Stack jokes. But, he continues, "I welcome the creation of nonprofits
throughout the United States that can help with the mission of getting
persons with disabilities out of institutions and into community based
"Stack came up with some forward looking ideas and got people
excited; he is quite an entrepreneur," says Waldman, the former
commissioner. "He is very well regarded and runs a pretty solid
program that has grown with federal grants. He has taken risks where
somebody else could have fallen flat. He has always been a client
advocate at heart, and his work has been reinforced by national recognition."
Says Stack: "I go to bed every night and get up every morning
thinking about the fact that 45,000 people nationally are in institutions
and a quarter of a million families are trying to access services
for their loved ones. I’m building a position in this country where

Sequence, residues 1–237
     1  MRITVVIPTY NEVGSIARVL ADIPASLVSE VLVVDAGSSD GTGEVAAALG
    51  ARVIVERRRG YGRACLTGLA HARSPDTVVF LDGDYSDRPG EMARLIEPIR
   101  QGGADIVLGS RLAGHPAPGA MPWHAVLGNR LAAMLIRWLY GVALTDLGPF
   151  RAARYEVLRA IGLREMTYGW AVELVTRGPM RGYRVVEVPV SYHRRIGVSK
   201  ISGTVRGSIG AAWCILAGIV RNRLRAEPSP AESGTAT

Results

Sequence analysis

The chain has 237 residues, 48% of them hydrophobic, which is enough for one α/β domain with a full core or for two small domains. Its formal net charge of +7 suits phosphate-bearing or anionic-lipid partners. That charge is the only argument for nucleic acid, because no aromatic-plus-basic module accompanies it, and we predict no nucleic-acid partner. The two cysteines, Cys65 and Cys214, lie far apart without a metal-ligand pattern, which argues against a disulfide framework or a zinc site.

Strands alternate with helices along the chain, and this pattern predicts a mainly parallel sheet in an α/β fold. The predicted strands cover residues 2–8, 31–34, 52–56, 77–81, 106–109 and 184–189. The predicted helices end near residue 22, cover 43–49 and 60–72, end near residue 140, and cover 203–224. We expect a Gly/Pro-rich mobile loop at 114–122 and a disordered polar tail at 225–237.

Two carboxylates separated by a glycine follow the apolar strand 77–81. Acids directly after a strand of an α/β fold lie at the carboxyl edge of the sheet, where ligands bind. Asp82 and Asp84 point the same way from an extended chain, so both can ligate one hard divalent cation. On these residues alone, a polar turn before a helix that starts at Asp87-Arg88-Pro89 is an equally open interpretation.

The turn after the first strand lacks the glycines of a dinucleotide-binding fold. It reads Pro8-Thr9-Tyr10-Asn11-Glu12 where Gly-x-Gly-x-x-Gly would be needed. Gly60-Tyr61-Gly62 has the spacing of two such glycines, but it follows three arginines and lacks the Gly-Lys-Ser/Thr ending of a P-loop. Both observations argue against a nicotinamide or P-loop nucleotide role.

people with disabilities are getting what they need and deserve."
Ed Meara’s son Thomas is getting what he needs and — at the other
end of the scale — Bernard Krakosky is another success story.
Born with severe physical and visual impairments, Krakosky began his
institutional life at age three. At 18, his pay at the Johnstone Training
and Research Center averaged 25 cents per day. In 1992, when Johnstone
closed, Krakosky came to Community Options, moved to a small house
with four men, and started a volunteer receptionist job. In 1994,
he found a part-time job and moved to a condominium with one friend.
Today, as a receptionist in Trenton for the state, Krakosky is also
a property-tax payer and the proud owner of a mortgage and his own
home. "I like when people come in and say good morning to me,"
says Krakosky. "That makes me feel good."
08540. Robert P. Stack, president, CEO. 609-951-9900; fax, 609-951-9112.
Home page: http://www.comop.org.
experience stories and essays about awareness, rights, and inspiration. http://www.tell-us-your-story.com